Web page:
• The Indian operations of the company therefore has been able to deal with market volatility and cycles in much more prudent manner as compared to its European operations

Strong Cash Flows for Tata Steel India

Source: Company Filing; Note: The Capex for Fiscal 2020 is the best estimate basis discussion in company concall

  • The cash flows from Tata Steel India has been a bright spot as discussed above and continues to support Group performance
  • The free cash flow generated from Tata Steel India is therefore just about sufficient to fund the interest expenses (~INR 84 billion) at the Group Level
  • In fiscal 2021 and fiscal 2022, the company will have to substantially cut down on capex in-order to offset the margin contraction; as it is likely that the European operations will register a loss, the interest at Group company level will have to be majorly funded by Tata Steel India, Tata Steel BSL and Tata Steel Long Products (supported through inter-corporate deposits and other related party transactions)
  • Therefore, restructuring of European Operations is very critical for the company, without which the Group company will continue to limp
  • Please note that we have not even discussed about the principal repayments of INR 3,000 Crore due for next two years; therefore, the company has rightly decided to raise further INT 6,700 Crore in-order to ensure sufficient liquidity for the firm

Headwinds for the company

  • The performance of European operations continues to be a major drag for the company
  • Further, in the current scenario the company may find it very difficult to dispose any of its global assets or get the right value for the asset
  • The already weak demand scenario in Europe will be further accentuated due to Covid-19 pandemic
  • The long-term debt for the company is unlikely to drop for the company over next two fiscals, as the margins will remain under pressure due to demand destruction on account of Covid-19; therefore the high interest cost will be a drag on profitability

Tailwinds for the Company

  • The dropping interest rates in the economy bodes well for debt-heavy companies such as Tata Steel; however, the same cannot be seen as a positive and only prevents further strain on the balance sheet
  • The oversupply situation in China will partially ease due to closing down of outdated Induction Furnace capacities of upto 100 mtpa enforced by Chinese Government; also, the Government has been pro-active in imposing anti-dumping duties on Chinese products
  • The consolidation in the industry may reduce the pricing pressure for leading players in domestic operations
  • Further, the Covid-19 Pandemic may lead to further pressure on the non-integrated players in the industry and lead to distressed sale of assets
  • The possible equity dilution in Port Talbot Steelworks through a 50% stake sale to UK Government may result in cash inflow of around INR 8,600 Crore which will be a big boost to the company; however, the same is currently under negotiations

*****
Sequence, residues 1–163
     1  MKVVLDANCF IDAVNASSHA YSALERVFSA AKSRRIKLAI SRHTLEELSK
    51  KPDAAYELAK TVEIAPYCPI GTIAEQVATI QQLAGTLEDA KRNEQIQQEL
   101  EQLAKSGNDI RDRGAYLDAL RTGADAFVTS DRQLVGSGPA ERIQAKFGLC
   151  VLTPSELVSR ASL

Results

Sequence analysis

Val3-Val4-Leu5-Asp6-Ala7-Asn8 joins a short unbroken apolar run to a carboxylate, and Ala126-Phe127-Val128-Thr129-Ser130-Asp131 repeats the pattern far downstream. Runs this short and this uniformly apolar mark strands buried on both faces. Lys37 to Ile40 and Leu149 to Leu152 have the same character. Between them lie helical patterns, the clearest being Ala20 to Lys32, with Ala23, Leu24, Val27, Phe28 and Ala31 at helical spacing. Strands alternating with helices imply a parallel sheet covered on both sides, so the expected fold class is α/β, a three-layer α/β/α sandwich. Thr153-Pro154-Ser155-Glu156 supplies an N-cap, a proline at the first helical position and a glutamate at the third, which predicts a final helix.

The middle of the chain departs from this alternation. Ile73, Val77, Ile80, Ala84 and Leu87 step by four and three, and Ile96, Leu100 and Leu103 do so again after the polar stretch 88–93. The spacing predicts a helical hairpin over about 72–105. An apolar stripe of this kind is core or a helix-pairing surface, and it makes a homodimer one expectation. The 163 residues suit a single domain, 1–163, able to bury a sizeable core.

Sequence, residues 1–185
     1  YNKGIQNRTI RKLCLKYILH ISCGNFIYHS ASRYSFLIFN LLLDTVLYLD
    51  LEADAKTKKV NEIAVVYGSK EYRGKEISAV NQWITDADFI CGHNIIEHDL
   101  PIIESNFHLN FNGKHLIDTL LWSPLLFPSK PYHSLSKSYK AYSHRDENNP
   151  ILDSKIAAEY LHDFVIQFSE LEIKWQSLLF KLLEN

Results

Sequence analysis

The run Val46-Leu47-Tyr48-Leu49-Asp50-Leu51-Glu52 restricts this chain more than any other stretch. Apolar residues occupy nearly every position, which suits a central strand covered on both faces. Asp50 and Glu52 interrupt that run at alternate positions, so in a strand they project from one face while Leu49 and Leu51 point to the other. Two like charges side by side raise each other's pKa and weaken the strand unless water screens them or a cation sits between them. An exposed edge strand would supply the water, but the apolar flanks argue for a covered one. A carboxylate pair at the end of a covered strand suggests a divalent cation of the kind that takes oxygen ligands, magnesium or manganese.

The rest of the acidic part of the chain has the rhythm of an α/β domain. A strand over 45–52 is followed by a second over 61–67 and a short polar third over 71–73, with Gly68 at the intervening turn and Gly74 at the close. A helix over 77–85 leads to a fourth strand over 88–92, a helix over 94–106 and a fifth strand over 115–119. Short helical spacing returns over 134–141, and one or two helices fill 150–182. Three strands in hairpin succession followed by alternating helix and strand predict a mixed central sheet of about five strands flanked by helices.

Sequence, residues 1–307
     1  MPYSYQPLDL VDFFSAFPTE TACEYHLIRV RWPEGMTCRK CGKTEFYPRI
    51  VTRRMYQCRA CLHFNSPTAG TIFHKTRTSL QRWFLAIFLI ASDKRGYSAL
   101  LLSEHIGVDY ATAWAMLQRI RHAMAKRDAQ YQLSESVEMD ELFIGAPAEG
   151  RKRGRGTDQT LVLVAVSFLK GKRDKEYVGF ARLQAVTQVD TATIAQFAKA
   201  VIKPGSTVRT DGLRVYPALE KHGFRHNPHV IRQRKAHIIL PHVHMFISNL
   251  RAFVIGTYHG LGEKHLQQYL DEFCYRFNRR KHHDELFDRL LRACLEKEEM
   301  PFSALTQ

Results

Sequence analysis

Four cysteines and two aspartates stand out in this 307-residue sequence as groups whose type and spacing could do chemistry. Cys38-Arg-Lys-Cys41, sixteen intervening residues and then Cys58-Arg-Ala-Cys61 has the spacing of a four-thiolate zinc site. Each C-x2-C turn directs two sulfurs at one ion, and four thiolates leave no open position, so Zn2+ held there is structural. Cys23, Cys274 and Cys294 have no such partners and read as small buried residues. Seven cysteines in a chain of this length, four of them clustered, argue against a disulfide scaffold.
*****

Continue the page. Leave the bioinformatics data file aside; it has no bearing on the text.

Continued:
Consolidation in the Industry to benefit last men standing

  • As of fiscal 2020, the top 3 players in the industry constitute around 46% market share in the industry
  • Post fiscal 2015, many players in the industry were witnessing operational stress on account of high leverage; this led to players gradually operating at lower manufacturing capacities thereby providing support to prices.
  • Despite some of the major companies in the industry such as Bhushan Steel, Essar Steel, etc. undergoing insolvency proceedings, the other major players in the industry witnessed improvement in their operating margins from fiscal 2015 onwards.
  • The lower capacity in the domestic industry coupled with drop in Chinese output provided pricing support to the players

Peer Comparison

Source: Company Filings; Note: P/E and P/B for Tata Steel (Standalone) are not the right indicators as the price also includes risks & performance of consolidated company

  • The margins of Tata Steel (Standalone) have been the best in the industry; however, it is significantly lower on consolidated basis
  • The Gearing for Tata Steel (Standalone) is also better than its peers; however, the same may also be on account of company doing certain acquisition through its associate’s balance sheet

To Conclude….

  • The long-term demand for the industry would remain robust in post Covid world given the low consumption of steel in the industry and growth potential in various downstream sectors
  • The future prospects of the company will depend on two major factors: the recovery in Tata Steel India operations post Covid and how the company manages to arrest losses and restructure its European operations
  • Our bet is on successful restructuring over next two years born out of necessity due to Covid-19 Pandemic followed by a growth period (profit-wise) for the company
  • At 9.8X fiscal 2020 consolidated earnings and 0.54X book, an investor willing to take moderate to high risk may look to invest in the company
  • The upside potential for the stock is substantial incase the company is able to effectively restructure its European operations. Which Side are you on?